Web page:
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    Shim vulnerability exposes most Linux systems to attack

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    Another day, another potential Linux security issue. This time it's a critical vulnerability in shim, the critical link between Linux and a computer's firmware during startup. If left unrepaired, a network attacker could bypass secure boot and take control of the system.

    First of all, the shim in question is not part of Linux itself. It provides a bridge between Unified Extensible Firmware Interface (UEFI) secure boot and Linux on modern PCs and servers. Technicalities aside, this is a big deal because you need to use it to boot Linux.

    Shim exists because when Secure Boot, a computer security standard that replaces BIOS firmware on older computers, was introduced in 2012, it didn't work on most Linux distributions. Secure Boot used and still uses a secure key database suitable for Windows. There is no easy way to introduce it to Linux distributions. Matthew Garrett, a well-known Linux and security developer, has created a fix. This was a shim, a signed bootloader that can add keys to its own database.

    Related article: 7 things even Linux beginners can do to make their OS more secure

    Fast forward a dozen years: Bill Demirkapi of Microsoft Security Response Center I found a security holeCVE-2023-40547 — Classic buffer overflow. A buffer overflow could allow an attacker to compromise your system and install arbitrary malware.

    Specifically, the vulnerable part of the shim code is the part that deals with systems booting from a central server on the network using HTTP. You don't have to worry about anything because you live and work in his 21st century and will never boot from a server running insecure HTTP. mistaken.

    On Twitter.Demirkapi explained: “A common misconception is that this only affects when using HTTP boot. If that's true, this is not a critical bug.”

    This means that certain conditions are required to exploit this vulnerability. The attacker would need the ability to tell the system to boot from her HTTP source, which could include compromising the server or performing a man-in-the-middle attack. Then, to exploit it, an attacker must overcome several hurdles, such as gaining physical access to the device or gaining administrative control. It's not outside the realm of possibility, especially if the attacker has already breached the network perimeter.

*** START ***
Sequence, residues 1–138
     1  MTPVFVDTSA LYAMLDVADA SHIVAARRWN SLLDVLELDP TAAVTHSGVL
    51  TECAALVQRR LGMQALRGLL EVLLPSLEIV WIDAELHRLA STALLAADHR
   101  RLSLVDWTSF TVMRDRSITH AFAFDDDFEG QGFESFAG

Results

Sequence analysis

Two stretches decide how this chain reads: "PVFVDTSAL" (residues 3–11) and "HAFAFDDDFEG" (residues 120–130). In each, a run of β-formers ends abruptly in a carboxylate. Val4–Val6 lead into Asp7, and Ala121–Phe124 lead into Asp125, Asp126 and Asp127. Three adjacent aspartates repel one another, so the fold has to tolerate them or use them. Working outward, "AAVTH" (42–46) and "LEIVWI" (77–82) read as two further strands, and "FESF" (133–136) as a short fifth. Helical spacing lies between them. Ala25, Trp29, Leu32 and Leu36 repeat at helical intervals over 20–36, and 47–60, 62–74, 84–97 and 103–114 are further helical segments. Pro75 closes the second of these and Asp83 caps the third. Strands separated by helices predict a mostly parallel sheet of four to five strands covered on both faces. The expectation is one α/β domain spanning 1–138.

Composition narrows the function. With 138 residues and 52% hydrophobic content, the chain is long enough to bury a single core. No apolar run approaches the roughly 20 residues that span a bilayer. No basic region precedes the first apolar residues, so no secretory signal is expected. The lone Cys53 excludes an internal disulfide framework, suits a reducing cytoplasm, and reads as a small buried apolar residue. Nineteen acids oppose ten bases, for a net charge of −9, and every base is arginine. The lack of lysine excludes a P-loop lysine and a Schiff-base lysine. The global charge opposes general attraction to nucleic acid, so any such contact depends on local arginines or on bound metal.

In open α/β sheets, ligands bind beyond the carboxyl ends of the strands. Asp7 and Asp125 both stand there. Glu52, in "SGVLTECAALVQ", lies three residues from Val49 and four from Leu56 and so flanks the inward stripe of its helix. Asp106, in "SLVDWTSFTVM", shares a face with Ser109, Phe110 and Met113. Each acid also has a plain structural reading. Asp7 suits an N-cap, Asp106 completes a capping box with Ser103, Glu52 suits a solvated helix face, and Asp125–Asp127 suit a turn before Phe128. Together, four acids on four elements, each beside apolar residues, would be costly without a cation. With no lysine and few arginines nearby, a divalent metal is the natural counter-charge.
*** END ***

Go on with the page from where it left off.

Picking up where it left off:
So how bad is it really?like garrett said ars technica.

    In theory, this should not give an attacker the ability to compromise the firmware itself, but in practice, Execute code before ExitBootServices. (handoff between the firmware running the hardware and the OS that takes over), which means the attack surface for the firmware is much larger. It is generally assumed that only trusted code is running before ExitBootServices. I think this is still called a boot kit. It allows you to modify the OS bootloader and kernel before execution. However, it is not completely permanent (it disappears when you erase the disk).

    of National Vulnerability Database (NVD)I think that's terrible, but first assigned This vulnerability has a rating of 9.8, near the highest, on the Common Vulnerability Scoring System (CVSS).

    Related article: Linux Security: What is sudo? Why is it so important?

    red hatMaintaining Sims takes a more enlightened view. Linux powerhouses offer: CVE-2023-40547 Score 8.3 — It's still bad, but not terrible.

    It's hard to pull off, so why does it score so high? Shim is included in basically every Linux distribution and has been around for over a decade. There are many potential targets.

    To fix it: Apply a patch shim to all Linux systems. Alternatively, if you have never booted from the network, you can disable the network boot option. That would work too.

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